What a wonderful post! It makes me think about the people who have influenced me and it gets me wondering if I have unknowingly evey influenced someone like this. Wonderful food for thought!

Darlene said...

You will have that memory for the rest of your life! Great story, thank you for sharing!

Thanks for popping in to visit my blog recently - come again! I'll be back to visit you often. :-)

Carole said...

Nice story! Honesty, a beautiful quality! Thanks for sharing!

Nancy said...

Good story, well told. I suspect, perhaps naively, that there are more honest than dishonest people.

We were in Estes Park on vacation and I had made a purchase and when I got back to our lodgings realized that the clerk had given me $20 too much in change, so I took it back. She was incredulous. She said, "I can't believe you came back for this!" I said, "Well, I certainly would have if you had given me $20 too LITTLE, so it has to work both ways."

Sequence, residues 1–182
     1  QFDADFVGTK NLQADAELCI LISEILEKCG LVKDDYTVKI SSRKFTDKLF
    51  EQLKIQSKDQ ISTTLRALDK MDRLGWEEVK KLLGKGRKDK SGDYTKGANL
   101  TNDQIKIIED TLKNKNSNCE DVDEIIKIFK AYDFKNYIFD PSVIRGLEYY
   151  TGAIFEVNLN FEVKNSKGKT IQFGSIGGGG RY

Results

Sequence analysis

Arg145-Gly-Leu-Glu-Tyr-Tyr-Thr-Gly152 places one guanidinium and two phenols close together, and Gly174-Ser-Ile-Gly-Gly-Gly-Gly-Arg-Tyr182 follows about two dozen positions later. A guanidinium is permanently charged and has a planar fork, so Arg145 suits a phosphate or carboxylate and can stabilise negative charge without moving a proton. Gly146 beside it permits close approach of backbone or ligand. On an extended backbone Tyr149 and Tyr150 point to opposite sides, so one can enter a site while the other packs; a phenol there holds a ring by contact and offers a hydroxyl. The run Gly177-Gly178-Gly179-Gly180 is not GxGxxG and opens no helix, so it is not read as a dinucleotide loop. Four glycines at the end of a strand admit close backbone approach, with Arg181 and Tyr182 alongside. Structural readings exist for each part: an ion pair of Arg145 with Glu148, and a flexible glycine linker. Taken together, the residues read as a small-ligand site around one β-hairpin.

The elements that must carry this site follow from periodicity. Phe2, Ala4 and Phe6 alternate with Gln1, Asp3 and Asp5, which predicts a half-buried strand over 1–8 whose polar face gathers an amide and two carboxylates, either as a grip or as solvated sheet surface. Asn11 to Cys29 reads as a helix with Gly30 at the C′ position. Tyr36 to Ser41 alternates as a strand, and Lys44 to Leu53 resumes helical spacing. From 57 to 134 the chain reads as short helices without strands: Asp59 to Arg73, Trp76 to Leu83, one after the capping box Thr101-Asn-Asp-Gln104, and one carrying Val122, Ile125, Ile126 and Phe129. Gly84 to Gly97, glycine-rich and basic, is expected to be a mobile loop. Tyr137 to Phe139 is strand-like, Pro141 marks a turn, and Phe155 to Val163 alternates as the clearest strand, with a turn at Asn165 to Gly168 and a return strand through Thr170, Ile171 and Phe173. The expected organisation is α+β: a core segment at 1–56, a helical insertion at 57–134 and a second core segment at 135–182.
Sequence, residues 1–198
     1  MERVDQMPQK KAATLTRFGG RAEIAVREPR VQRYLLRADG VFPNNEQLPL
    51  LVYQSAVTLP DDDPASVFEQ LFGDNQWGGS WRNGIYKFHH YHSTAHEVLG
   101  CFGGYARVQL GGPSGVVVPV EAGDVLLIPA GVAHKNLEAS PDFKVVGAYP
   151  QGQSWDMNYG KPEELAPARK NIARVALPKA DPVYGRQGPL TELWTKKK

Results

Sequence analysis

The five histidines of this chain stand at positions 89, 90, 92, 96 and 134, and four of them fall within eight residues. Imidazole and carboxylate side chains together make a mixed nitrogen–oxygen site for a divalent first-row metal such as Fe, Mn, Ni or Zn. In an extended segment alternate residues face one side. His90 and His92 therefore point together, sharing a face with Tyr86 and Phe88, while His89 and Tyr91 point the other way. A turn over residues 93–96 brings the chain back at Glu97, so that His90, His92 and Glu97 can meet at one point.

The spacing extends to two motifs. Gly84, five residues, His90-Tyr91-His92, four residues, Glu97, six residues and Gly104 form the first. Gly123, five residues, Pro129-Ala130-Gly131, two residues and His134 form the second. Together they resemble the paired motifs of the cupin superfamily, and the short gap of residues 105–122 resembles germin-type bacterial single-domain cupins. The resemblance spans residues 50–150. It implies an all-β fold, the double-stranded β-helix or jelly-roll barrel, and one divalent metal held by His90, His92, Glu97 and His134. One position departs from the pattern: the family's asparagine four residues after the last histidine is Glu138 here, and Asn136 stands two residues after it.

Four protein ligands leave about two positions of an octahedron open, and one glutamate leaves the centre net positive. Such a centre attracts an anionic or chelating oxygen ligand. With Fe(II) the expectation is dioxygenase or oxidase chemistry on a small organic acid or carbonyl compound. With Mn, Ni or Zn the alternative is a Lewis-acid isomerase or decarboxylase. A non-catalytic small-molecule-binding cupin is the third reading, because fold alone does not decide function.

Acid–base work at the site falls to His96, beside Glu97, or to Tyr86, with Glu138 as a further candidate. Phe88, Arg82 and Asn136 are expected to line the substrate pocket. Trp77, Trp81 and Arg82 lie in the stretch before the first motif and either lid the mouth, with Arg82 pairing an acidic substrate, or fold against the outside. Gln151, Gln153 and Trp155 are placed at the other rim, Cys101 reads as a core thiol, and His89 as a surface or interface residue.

mamaspark said...

How amazing! It kind of restores your faith in human nature!

Julie aka "Quilt Diva" said...

Like Ancestor Collector, I, too, have returned groceries that weren't mine and been met with the same kind of incredulous responses... I do believe in the essential goodness of people, despite so much of what is reported in the media. Thank you SO much for sharing your story~ what a wonderful way to start this day!

Nan said...

Aren't people wonderful, though? What an incredible story - I totally agree with the "imprint" title. It certainly has left an imprint on my heart!
Thank you for sharing such a great story - you've made my day!

Shelina said...